Although mostly invisible to the naked eye, the air we breathe is full of tiny particles of; chemicals, soil, smoke, dust or allergens, in the form of liquids, gases or solids. These minuscule airborne hazards are referred to as particulate matter, or PM.
Where does PM come from?
The amount of particulate matter in the air at any given time depends on the environment you find yourself in. These particles are released from a variety of sources both indoors and outdoors. When inside, PM levels are typically the same or lower than outside.
Here are a few things that increase the levels of particulate matter floating around an indoor space:
- burning candles or fires
- using kerosene heaters
- diffusing essential oils
- cleaning using common chemical products
- opening doors and windows to outdoor polluted environments
- using hairsprays, aerosol room freshers or deodorants
Although there are hundreds of sources of outdoor air pollutants, the main contributors that increase the levels of particulate matter outdoors are:
- power generators
- industrial and agricultural emissions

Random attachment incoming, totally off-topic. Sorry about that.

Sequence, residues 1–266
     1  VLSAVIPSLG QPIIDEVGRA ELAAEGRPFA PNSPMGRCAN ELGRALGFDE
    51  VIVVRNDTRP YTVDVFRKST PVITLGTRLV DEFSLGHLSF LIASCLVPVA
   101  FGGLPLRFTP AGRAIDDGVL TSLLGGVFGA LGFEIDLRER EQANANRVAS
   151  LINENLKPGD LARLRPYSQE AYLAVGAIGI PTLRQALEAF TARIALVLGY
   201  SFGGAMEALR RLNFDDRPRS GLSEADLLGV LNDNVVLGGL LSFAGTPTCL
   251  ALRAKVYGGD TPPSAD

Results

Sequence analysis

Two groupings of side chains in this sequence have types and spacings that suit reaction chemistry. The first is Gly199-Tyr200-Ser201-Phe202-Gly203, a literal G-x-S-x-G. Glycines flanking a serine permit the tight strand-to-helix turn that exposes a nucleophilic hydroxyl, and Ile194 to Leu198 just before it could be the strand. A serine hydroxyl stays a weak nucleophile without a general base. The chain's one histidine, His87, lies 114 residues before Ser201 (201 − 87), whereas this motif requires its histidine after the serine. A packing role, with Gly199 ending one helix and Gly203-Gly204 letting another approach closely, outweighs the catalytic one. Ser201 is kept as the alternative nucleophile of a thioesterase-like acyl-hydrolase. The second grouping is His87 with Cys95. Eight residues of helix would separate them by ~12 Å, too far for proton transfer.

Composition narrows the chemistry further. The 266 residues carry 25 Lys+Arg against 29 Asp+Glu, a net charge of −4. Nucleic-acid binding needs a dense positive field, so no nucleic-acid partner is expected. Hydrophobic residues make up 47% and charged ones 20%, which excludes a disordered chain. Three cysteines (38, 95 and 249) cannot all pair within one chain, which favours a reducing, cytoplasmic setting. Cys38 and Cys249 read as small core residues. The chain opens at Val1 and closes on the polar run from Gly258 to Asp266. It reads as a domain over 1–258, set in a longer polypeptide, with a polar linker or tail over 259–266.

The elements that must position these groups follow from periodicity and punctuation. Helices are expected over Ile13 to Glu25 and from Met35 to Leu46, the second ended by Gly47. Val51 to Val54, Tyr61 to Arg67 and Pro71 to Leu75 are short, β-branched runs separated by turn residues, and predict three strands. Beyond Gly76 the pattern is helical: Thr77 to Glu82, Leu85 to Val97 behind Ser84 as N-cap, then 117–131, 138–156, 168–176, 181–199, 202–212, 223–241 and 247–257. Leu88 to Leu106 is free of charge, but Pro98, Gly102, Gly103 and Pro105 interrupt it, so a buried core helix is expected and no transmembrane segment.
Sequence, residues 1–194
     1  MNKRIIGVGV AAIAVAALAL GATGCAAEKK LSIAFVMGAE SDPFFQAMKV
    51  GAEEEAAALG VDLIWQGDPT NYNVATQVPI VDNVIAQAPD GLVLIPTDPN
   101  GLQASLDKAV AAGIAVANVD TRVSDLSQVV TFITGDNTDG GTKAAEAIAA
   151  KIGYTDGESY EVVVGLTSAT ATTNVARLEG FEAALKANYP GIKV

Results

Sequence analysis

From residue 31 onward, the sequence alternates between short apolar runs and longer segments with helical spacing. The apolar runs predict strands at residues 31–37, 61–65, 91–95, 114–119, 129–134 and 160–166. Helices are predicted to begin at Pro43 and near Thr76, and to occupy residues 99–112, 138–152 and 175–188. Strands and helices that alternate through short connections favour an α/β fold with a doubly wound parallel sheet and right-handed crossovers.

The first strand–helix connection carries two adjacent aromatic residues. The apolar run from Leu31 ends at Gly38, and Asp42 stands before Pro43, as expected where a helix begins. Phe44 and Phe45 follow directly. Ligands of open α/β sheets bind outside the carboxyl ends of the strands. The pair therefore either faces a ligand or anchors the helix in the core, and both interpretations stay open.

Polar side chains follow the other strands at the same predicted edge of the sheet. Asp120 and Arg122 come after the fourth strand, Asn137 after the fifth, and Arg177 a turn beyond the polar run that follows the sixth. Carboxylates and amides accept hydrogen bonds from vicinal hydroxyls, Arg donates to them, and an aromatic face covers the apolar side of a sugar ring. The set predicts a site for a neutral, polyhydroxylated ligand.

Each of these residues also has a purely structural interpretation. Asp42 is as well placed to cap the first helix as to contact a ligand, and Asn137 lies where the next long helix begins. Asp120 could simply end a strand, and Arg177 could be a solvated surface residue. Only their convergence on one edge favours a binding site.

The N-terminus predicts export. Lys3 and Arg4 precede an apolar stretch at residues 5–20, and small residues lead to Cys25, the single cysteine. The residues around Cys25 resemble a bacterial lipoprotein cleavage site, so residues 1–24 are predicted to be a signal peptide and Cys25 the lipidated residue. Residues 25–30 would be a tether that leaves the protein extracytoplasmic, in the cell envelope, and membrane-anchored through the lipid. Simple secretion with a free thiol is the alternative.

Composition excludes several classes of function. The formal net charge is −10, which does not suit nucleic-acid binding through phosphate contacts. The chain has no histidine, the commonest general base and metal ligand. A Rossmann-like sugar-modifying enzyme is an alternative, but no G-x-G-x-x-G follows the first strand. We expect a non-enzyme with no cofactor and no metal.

- residential heating and cooking
- the manufacture and distribution of chemicals
- forrest fires
Why is it called 2.5?
The 2.5 in PM2.5 refers to the size of the pollutant in micrometers.
What are the negative effects of exposure to pollutants.
Depending on how healthy you are in general, particle matter will have different long and short term negative health effects. When exposed to levels of between to moderate – hazardous range, one may experience the following effects:
- shortness of breath
- eye, nose and throat irritation
- excessive coughing and wheezing
- diminished lung function and lung disease
- diminished heart function, sometimes resulting in heart attack
- asthma attacks
PM2.5 also damages the environment by increasing acidity in the soil and water bodies. Which in turn affects their ability to produce food and support life.
What is considered a safe level of PM and how is it measured?
Pollution levels are generally measured on a scale of 0-500 called an Air Quality Index, or AQI:
Even at moderate levels, particulate matter can still be harmful to sensitive people. When air pollution levels are lower, the cardiovascular and respiratory health of a person will be much improved, both long and short term.